Author: Bryan P. White
Original Publication: 04/18/2020
Autism spectrum disorder (ASD) is a challenging disorder to design health interventions for because of its wide variety of presentations (hence, a spectrum disorder) as well as a historical tendency of underreporting and underdiagnosing. Understanding how successful health interventions can be delivered to children with ASD is a critical factor towards achieving Healthy People 2020 goals (HP2020, 2020). In terms of HP2020 goals, increasing the proportion of adolescents receiving treatment for mental health disorders is a direct goal )“MHMD-6 Increase the proportion of children with mental health problems who receive treatment”), however, autism is not specifically listed as a targetable intervention component in HP2020. In the United States (US), the prevalence of autism is roughly 1 in 54 children, and more prevalent in boys (1/34) than in girls (1/144) (Autism Speaks: https://www.autismspeaks.org/autism-statistics). While boys are more likely to be diagnosed with ASD than girls, its unknown if this is because boys actually have a higher rate of ASD or girls are more adaptive at dealing with the negative symptoms, or experience a different range of phenotypes altogether from males (Frazier et al., 2014).
Since the prevalence of autism is so high in children in the US, this highlights the need for effective, high-efficiency/low-cost intervention solutions. The earlier that children are identified as ASD and understand what treatment methodologies work best for them (not every treatment or methodology will work for the same individual with ASD), the greater chance these individuals will have at successful social interactions, employment opportunities, and general independence and functionality later in life. One such type of intervention is an diffusion of innovation-style intervention using social media. Current theories surrounding the use of social media in health interventions are mixed, mostly because significant amount of research has shown that social media can have a negative psychological impact on health outcomes (Oberst et al., 2017), but positive outcomes are also possible (Radovic et al., 2017). Another issue with the use of social media in health interventions is the possible development of a health disparity due to communication inequalities (Glanz, 2020), where people in higher socioeconomic statuses have better access to health information. This potential for a health disparity further highlights the need for a better understanding of any potential positive side effects of social media use for those with ASD.
In 2016, Snethen et al. had proposed that social media use could have a positive health benefit on individuals with psychiatric disorders by creating a more effective means of community integration for people that might not otherwise engage in community interactions, but also warned of a negative consequence in undirected communications (anxiety-producing interactions). In a later study, van Schalkwy et al. (2017) introduce the idea of “friendship level” and a Social Media Experience Scale (SMES) as metrics to directly test the efficacy of a social media intervention in youths with ASD. In this 2017 study, the SMES scale was split into two parts - SMES-Anxiety (a negative experience) and SMES-Utility (a positive experience). A group of 100 adolescents aged 12 to 19 were recruited for the study, 44/100 of which had a diagnosis of ASD. The authors proposed two hypothesis: 1. The Increase Hypothesis - social media allows individuals with ASD to create new interactions that they would not have previously engaged in or 2. The Displacement Hypothesis - social media displaces otherwise normal social interactions, leading to a decrease in utility. In this study, the authors found that those with ASD but not high levels of social anxiety experienced an increase is SMES-Utility, but those with ASD and high-anxiety lost this increase effect and had no net change. The non-ASD group saw no indication of an increase in SMES-Utility. These results suggest that individuals with ASD are insulated from the Displacement effect and already experience poor friendship quality relative to the non-ASD group, whereas the ASD group may experience a displacement effect from social media use, leading to a net negative effect in the non-ASD group.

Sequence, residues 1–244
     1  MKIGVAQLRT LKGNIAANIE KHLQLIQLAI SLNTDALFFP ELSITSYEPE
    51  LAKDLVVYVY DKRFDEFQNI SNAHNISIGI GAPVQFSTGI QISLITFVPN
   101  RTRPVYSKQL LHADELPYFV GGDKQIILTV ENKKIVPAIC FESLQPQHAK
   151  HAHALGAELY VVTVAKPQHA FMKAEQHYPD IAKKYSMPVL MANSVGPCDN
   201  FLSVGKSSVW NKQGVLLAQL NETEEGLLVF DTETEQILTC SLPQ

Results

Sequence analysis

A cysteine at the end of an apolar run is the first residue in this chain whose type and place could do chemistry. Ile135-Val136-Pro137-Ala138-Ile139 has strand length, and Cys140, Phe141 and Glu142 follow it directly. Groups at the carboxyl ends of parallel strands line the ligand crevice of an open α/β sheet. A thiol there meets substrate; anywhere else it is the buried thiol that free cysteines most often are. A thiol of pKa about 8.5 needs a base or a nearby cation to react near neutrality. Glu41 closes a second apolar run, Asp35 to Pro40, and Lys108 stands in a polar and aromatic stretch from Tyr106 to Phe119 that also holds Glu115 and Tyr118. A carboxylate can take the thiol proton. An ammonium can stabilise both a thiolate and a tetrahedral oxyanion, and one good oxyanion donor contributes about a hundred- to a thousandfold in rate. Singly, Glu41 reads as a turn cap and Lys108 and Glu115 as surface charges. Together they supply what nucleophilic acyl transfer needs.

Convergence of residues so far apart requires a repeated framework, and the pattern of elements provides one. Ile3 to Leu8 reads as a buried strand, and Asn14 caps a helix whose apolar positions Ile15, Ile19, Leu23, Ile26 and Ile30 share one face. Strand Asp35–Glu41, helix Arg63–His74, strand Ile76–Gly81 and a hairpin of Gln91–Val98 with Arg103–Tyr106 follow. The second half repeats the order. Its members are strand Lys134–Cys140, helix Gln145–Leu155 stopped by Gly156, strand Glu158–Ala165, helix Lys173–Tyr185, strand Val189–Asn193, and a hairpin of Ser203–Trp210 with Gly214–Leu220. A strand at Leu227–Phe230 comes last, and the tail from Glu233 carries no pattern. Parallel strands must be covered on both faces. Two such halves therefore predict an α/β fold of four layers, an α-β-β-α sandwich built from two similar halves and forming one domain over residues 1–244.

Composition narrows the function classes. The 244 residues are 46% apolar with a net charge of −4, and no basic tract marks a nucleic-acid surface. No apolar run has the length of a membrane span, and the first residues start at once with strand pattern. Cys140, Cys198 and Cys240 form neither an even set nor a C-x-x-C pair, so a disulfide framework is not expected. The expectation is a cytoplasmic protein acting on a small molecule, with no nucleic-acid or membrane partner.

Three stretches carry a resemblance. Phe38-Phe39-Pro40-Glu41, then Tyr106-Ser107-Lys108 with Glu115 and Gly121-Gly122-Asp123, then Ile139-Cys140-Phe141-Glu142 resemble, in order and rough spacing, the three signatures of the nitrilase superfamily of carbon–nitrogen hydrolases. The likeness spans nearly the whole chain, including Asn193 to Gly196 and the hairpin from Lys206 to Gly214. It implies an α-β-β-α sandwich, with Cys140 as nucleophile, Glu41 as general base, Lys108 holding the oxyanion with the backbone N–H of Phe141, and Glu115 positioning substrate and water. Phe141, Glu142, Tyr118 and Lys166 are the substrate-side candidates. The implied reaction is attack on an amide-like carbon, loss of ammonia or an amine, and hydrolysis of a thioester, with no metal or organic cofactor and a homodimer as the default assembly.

Overall, this suggests that social media use can be an effective health intervention for some group of individuals with ASD. The most likely mode of increase seen here is due to the elimination of social queues that would otherwise inhibit or prevent ASD individuals from engaging in social interactions (e.g., the ASD trait of being unable to identify facial expressions is eliminated in social media interactions). However, more research is needed to understand why high-anxiety ASD individuals do not experience an increase in SMES-Utility. This suggests social media interactions could be modified to provide a more robust support network for those with ASD, including those with high-anxiety symptoms.
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